lvin Schuster could scarcely believe his ears. He was hearing the voice of an ancestor whom he’d never met but whose legacy was a constant guiding presence in his life. Schuster, 75, listened with wonder to the restored recording of his grandfather, Louis Mann—made more than 100 years ago.
And although his grandfather died before he was born, Schuster was raised hearing stories of his courage as a fighter for the rights of the Yakama people. That legacy influenced and guided Schuster’s life as a leader in local and national Native education. “It made me so happy to hear his voice; growing up, I knew him only by word of mouth,” Schuster says.
The recording was originally made in 1909 by photographer Edward Curtis. Although well-known for his photographs of Native Americans, Curtis also created several recordings of Native people on wax cylinders.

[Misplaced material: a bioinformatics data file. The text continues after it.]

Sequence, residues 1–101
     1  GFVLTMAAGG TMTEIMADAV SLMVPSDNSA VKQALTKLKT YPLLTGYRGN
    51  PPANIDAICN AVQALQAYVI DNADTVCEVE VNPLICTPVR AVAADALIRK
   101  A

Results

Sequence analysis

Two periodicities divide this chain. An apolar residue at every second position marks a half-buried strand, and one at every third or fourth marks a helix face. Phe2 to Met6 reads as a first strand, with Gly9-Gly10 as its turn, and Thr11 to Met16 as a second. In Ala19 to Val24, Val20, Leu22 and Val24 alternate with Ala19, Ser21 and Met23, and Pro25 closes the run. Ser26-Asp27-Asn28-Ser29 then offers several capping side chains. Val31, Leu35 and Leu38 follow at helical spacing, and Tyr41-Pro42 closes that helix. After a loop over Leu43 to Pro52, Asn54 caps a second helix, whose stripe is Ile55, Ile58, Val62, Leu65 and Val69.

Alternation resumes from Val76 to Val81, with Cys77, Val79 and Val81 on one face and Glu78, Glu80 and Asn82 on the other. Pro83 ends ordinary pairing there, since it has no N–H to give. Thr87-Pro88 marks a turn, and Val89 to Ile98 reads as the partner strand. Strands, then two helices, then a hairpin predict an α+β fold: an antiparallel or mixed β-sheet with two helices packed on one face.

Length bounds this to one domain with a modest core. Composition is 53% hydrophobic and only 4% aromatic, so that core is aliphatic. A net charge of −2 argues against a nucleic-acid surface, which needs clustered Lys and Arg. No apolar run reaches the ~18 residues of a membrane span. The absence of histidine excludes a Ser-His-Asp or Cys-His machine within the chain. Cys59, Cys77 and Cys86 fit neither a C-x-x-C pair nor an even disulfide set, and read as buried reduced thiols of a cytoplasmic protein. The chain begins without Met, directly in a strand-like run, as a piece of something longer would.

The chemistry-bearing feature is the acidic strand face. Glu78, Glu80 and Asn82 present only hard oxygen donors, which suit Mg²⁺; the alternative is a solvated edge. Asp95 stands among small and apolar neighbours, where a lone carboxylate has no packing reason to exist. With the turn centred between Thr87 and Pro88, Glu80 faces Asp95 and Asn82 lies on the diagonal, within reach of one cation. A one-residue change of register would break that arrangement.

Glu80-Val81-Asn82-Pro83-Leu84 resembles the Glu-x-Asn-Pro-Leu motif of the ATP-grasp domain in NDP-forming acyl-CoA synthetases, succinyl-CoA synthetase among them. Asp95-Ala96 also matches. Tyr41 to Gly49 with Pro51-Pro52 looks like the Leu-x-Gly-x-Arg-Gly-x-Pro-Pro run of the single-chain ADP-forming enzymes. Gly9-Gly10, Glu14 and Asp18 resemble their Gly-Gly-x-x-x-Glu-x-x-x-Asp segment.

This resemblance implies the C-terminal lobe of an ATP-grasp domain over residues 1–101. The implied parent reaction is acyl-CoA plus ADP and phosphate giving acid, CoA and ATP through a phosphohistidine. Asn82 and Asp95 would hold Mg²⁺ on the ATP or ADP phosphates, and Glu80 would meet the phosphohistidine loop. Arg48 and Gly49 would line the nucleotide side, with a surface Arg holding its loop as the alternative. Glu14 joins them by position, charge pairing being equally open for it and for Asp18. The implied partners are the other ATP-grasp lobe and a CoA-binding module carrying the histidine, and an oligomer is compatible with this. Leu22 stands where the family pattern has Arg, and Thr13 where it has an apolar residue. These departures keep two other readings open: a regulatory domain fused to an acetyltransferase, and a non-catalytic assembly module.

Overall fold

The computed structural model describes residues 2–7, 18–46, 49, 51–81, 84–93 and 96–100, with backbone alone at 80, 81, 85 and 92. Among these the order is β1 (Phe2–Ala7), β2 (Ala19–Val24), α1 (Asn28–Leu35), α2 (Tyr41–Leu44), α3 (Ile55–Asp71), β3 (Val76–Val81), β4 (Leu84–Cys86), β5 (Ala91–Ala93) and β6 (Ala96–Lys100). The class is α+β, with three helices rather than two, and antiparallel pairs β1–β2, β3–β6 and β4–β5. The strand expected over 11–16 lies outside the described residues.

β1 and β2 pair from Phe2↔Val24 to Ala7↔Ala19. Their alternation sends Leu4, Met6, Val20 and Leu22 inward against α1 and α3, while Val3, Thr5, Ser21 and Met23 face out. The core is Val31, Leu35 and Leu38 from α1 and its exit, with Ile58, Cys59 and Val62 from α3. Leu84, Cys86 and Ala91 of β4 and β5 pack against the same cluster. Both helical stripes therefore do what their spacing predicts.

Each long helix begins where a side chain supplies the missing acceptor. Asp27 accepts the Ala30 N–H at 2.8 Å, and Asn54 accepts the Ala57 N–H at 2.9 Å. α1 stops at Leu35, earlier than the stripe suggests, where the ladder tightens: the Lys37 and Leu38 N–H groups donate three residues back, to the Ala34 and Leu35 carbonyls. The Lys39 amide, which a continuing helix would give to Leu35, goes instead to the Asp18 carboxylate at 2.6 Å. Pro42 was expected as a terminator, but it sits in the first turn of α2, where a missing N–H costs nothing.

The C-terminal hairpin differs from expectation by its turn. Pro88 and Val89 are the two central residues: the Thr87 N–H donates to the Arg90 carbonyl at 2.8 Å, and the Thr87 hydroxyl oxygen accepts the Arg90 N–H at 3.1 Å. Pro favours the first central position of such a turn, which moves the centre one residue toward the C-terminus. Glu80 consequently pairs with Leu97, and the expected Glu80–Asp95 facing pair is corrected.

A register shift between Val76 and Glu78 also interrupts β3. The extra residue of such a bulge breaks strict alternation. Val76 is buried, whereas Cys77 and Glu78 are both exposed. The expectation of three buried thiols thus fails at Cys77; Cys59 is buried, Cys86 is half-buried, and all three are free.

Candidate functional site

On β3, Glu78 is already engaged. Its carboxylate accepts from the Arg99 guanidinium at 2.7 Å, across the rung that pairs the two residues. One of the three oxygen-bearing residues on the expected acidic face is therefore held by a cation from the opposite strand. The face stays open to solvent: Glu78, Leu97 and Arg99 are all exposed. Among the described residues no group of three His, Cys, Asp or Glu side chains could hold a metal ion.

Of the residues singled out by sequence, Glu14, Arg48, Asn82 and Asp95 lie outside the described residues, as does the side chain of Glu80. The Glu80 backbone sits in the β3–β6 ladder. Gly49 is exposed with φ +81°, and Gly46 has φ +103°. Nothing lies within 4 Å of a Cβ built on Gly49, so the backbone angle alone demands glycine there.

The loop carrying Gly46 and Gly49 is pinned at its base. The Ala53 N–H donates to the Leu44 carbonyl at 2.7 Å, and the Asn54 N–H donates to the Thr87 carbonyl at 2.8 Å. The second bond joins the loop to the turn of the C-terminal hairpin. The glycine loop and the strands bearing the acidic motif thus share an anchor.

His recordings were recently restored as part of Indiana University’s Media Digitization and Preservation Initiative, whose researchers are beginning to consider how to repatriate the sacred and controversial recordings, like those of Louis Mann.
In 2013, the university allocated $15 million, including funds from a National Endowment for the Humanities grant, to digitally preserve recordings made on now fragile wax cylinders.
Curtis’ work is part of Indiana University’s extensive Archives of Traditional Music that includes 7,000 wax cylinders. According to Archive Director Alan Burdette, more than three-quarters of the cylinders held recordings of Native Americans made by Curtis, Franz Boas, who was considered the grandfather of modern anthropology, and others.
“In inheriting the wax cylinders, we inherited the colonial legacies that influenced those who collected the recordings,” he says. “We’re aware that we have recordings of sensitive, sacred things so we don’t allow general access to them.”